You may already know and love Robert Schumann's dramatic song Waldesgespräch ('Conversation in the Woods') from the Eichendorff Liederkreis, Op.39, telling of a woodland encounter between a huntsman and a pale but beautiful woman. We hear from the huntsman first. A confident rhythm, a bright major key and horn-imitations in the piano part establish his presence. He offers to lead the lost bride home. Then the key suddenly changes to that of the mediant (the third note of the tonic scale) and the masculine rhythms in the piano part liquify into harp-like mystery. The woman is speaking, and she quietly warns the man to flee. The key and the music swing back and the man continues as before until, to suddenly declamatory phrases, the huntsman realises (in terror) who the beautiful woman is - the witch Loreley. The key stays the same (as we aren't in the age of Nielsen's 'extended tonality' yet!) but the harp-like music returns again and Loreley quietly tells the man he will never leaves the woods. (You can read Eichendorff's poem here).
Loreley was rather out of her usual habitat there. She is to be more usually found seated on a rock on the Rhine, combing her hair and singing, luring sailors to the deaths in the hope of gaining revenge on an unfaithful lover.
Such a scene inspired a famous poem by Heine which Robert's wife Clara was to set to music in Die Lorelei - a highly dramatic minor-key song with an agitated accompaniment that generates both tension and excitement as the inevitable denouement approaches. (The poem can be read here). It's a fine song which, intriguingly, sounds more like Schubert than it does her husband. You may be surprised to hear, given its quality, that Clara's songs was never heard until 1992. Much of her music lay buried in that way.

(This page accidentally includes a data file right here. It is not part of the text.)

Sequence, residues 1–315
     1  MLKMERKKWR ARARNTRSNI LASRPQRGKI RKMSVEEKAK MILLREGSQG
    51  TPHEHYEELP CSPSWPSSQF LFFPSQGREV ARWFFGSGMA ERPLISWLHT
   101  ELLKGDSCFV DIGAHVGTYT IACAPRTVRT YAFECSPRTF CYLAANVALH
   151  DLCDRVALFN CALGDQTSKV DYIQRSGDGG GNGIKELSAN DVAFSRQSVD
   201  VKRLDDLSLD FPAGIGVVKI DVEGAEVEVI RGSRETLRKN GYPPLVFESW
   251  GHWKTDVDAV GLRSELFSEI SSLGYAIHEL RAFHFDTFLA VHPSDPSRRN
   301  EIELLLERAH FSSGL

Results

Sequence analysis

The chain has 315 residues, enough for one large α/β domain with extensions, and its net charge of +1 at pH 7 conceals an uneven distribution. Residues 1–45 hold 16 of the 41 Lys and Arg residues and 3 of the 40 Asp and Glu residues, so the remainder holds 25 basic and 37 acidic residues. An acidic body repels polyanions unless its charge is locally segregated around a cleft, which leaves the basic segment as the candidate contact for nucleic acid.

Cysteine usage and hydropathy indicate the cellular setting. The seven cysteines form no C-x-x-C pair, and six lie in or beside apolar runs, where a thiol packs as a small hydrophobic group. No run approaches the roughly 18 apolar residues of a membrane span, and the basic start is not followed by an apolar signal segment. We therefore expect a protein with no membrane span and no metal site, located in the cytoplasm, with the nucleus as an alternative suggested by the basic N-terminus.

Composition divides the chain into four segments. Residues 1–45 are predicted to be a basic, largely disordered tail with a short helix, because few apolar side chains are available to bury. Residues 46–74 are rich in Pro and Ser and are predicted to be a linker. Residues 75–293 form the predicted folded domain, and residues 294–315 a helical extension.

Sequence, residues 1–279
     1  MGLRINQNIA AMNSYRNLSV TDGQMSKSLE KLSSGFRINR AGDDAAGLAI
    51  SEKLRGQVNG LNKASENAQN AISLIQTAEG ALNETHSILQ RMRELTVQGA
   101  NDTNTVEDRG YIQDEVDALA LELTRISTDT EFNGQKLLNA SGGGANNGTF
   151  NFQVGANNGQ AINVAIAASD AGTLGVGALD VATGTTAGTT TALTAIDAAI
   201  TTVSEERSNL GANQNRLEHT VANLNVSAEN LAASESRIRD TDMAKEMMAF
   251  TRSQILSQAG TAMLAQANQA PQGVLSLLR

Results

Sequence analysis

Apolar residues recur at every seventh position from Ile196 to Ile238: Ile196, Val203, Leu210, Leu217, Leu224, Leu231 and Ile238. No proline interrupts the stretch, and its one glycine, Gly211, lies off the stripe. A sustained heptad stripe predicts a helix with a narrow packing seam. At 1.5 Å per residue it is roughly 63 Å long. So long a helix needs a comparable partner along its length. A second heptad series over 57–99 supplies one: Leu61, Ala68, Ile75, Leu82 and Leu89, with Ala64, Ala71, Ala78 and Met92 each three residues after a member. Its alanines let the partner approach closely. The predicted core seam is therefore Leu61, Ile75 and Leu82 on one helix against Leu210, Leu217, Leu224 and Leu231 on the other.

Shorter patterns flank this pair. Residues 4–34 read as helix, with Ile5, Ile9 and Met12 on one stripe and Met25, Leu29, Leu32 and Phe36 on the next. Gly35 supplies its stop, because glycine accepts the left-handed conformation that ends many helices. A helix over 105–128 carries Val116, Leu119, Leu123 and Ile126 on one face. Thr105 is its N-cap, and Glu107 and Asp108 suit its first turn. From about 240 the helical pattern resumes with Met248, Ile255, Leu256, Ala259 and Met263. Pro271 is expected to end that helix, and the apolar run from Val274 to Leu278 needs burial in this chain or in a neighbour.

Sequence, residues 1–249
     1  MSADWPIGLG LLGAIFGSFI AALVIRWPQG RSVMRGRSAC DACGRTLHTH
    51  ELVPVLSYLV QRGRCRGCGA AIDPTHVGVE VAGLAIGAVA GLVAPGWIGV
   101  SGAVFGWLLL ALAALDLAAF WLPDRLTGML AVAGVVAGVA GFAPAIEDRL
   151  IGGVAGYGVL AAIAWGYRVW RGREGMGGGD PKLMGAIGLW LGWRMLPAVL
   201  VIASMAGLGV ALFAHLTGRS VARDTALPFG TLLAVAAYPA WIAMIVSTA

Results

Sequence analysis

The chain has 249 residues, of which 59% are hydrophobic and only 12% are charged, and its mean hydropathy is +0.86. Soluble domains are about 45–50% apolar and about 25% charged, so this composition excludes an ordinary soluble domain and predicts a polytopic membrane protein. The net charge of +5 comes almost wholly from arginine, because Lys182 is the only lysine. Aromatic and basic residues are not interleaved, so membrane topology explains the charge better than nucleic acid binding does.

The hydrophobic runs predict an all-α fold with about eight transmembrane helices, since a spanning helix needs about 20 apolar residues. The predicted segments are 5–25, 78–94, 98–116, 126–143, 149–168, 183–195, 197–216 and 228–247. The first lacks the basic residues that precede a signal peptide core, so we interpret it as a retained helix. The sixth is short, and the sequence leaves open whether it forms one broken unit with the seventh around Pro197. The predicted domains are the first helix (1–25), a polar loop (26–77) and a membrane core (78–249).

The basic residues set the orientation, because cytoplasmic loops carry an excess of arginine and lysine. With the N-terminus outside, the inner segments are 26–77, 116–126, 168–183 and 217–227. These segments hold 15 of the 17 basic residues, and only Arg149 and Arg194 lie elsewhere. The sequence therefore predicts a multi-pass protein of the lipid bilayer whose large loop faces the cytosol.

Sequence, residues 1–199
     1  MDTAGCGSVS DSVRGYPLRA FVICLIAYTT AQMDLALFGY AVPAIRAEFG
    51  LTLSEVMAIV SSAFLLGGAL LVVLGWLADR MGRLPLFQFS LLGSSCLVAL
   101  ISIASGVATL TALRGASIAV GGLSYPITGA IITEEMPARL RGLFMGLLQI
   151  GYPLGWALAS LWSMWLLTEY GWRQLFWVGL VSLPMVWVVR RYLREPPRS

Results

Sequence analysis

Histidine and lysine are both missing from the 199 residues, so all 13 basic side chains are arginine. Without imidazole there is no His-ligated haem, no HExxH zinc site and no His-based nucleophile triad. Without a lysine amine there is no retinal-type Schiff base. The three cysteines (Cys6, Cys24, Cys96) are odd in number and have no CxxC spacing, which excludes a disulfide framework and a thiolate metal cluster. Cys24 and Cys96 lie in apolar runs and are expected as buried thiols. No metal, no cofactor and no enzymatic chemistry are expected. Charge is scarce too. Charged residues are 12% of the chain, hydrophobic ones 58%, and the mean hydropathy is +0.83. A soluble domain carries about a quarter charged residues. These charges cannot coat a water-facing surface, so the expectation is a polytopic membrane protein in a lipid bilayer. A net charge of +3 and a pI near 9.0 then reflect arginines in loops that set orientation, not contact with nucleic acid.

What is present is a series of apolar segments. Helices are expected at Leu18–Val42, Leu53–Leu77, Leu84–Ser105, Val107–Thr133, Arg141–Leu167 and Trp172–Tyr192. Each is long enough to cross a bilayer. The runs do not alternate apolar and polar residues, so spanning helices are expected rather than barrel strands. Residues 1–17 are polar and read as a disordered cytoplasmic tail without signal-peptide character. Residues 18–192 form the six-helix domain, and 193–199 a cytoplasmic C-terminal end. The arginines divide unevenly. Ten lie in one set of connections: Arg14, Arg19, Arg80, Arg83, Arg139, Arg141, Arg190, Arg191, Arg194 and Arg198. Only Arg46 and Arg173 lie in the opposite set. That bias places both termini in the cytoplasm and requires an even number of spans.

Robert Schumann was the sort of songwriter who set out to add lustre to already-lustrous poetry. Not always though. His other, hardly-ever-heard Loreley-based song, Loreley, Op.53/2, sets a poem by Wilhelmine Lorenz which most certainly isn't great poetry. (Please have a read of it yourself here). That said, I've long had a soft spot for this short, lyrical song with its gentle, watery accompaniment and tune of radiant simplicity. If you are unfamiliar with it I urge you to give it a try. (Just don't listen to it whilst sailing down the Rhine.)